• We don't pay too much attention to what governments do, for example, to affect stocks markets (think the recent Chinese interventions). We can't predict these behaviors and actions any better than the next person, and even if we could predict this, we're not sure how the markets will react. So when you see headlines about "Fill in the blank," it's easy to try and draw a line between those events and your money and investments. Our advice is, don't do it. This mental exercise can feel calming, but in our experience, it causes investors to make big mistakes. So turn the news off, and call us instead! You will be saving yourself a lot of stress and worry over something that you can't control.

Please look for more commentary from us later this week and click the link below to schedule a complimentary review of your current portoflio:

Schedule a Consultation



The 4 Most Expensive Products Your Financial Advisor Sells


"There's no such thing as a free lunch." goes the popular saying widely attributed to economist Harley L. Lutz around 1942. In the financial services industry, nothing could be more true. Unfortunately today, many advisors are selling high fee products under the guise that they are a "good deal,"  that the investor is getting something they don't deserve for the cost. You get what you pay for, make no mistake about it! Here are the four most oversold and costly investment products that fee-hungry advisors are selling today:
1) Structured Notes
"What are these things?" is a question we get quite often when we speak to an investor who has purchased a structured note based on a recommendation from their advisor. It's a very good question because the answer is elusive to say the least. Technically, a structured note is an IOU from a large bank (usually), many of which are in the cross-hairs of governments around the world. Upon further investigation, structured notes can be very costly too, as investors may pay a 3% commission or more at the time of purchase! When a financial advisor makes such a large fee upfront, the only party guaranteed to win is them and not you. Always get a second opinion from a non-commissioned advisor before buying a structured note.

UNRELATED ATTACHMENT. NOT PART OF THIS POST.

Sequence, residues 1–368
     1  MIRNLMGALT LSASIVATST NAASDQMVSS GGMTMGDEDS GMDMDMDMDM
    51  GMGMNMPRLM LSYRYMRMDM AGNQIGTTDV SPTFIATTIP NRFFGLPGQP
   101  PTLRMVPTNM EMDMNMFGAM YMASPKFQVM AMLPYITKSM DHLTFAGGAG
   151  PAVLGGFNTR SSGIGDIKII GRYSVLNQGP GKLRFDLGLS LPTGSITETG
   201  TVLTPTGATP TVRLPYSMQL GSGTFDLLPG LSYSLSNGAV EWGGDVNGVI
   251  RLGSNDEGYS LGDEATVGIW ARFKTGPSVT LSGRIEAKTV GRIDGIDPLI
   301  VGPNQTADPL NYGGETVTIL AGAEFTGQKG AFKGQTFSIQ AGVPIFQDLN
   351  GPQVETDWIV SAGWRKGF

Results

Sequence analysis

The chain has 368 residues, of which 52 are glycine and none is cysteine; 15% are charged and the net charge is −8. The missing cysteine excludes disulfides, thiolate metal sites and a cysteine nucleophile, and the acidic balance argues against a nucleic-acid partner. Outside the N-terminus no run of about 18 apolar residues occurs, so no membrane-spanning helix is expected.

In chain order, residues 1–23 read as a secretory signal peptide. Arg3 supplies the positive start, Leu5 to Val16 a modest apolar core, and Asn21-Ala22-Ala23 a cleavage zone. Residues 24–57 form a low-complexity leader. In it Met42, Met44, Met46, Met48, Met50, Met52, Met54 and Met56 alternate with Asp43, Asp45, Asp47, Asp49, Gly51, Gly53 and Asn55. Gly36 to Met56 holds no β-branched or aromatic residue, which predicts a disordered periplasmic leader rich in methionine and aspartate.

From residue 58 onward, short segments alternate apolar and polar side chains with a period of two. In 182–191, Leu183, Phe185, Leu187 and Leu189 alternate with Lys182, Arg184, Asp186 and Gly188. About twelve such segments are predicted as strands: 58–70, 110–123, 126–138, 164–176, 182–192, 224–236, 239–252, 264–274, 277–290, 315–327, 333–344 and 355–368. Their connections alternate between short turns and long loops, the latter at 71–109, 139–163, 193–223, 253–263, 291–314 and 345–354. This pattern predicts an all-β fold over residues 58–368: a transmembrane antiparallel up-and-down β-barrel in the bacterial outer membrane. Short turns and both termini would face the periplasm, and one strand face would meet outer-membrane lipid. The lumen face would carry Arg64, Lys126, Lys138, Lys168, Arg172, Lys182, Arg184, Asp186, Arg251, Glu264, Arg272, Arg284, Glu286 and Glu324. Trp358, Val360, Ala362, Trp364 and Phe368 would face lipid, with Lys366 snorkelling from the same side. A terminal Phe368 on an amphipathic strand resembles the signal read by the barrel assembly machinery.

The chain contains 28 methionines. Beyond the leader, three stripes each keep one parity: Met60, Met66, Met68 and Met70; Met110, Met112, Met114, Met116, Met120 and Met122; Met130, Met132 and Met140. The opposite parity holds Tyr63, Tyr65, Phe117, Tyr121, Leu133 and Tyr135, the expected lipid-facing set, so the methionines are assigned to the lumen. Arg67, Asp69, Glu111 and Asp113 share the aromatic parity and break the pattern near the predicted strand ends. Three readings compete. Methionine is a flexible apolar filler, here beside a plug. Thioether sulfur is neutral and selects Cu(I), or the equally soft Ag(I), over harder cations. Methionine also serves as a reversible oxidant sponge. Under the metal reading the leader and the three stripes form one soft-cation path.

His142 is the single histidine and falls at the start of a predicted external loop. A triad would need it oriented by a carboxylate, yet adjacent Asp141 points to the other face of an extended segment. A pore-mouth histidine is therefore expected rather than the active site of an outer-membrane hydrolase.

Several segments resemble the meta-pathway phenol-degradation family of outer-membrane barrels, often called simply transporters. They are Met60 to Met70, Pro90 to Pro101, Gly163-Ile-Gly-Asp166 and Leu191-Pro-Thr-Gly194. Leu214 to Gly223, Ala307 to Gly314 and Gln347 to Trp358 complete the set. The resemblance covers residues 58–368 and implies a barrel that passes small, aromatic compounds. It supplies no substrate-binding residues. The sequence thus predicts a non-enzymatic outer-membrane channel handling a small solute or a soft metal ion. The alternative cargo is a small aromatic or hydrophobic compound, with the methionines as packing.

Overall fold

2) Annuities
This may be the most oversold and misrepresented financial instrument on the planet. The reason: an insurance agent of broker stands to make upwards of 6% commission on the sale of an annuity to you! As you can imagine, when the compensation is so large, many financial advisors go out of their way to sell various forms of an annuity to their clients. In the right situation, an annuity can be a perfect fit. In our opinion, however, somewhere in the range of only 5-10% of investors should consider an annuity. Again, these investments are rarely fully explained and the fees are largely hidden from plain view. Back-end sales charges also sting buyers of annuities who close the contract before it's completed. This lock-in period can range anywhere from 3 to more than 8 years! Any investment that takes more than one page to explain is probably too expensive and complicated to be a good deal (annuity contracts can be dozens of pages), so tread very carefully before committing to buy any form of annuity.
3) Universal, Variable or Whole Life Insurance
Life insurance mitigates the risk of your untimely death and provides financial security to your loved ones who have lost you as a bread winner for the family. Always use insurance for this reason and you will be in good shape. Buy insurance as a investment as well, and get ready to be socked with fees upwards of 4-6% annually to maintain the contract! "Buy term and invest the rest" is an old adage and it rings true today. Term insurance is usually very affordable yet that's what makes it so unappealing to sell -- the insurance agent would starve if he or she only recommended term! Far too many investors are sold universal, variable, or whole life policies when they really don't need them. Look before you leap into one of these products and have a financial advisor with a Certified Financial Planner™ credential review any insurance proposal before you buy.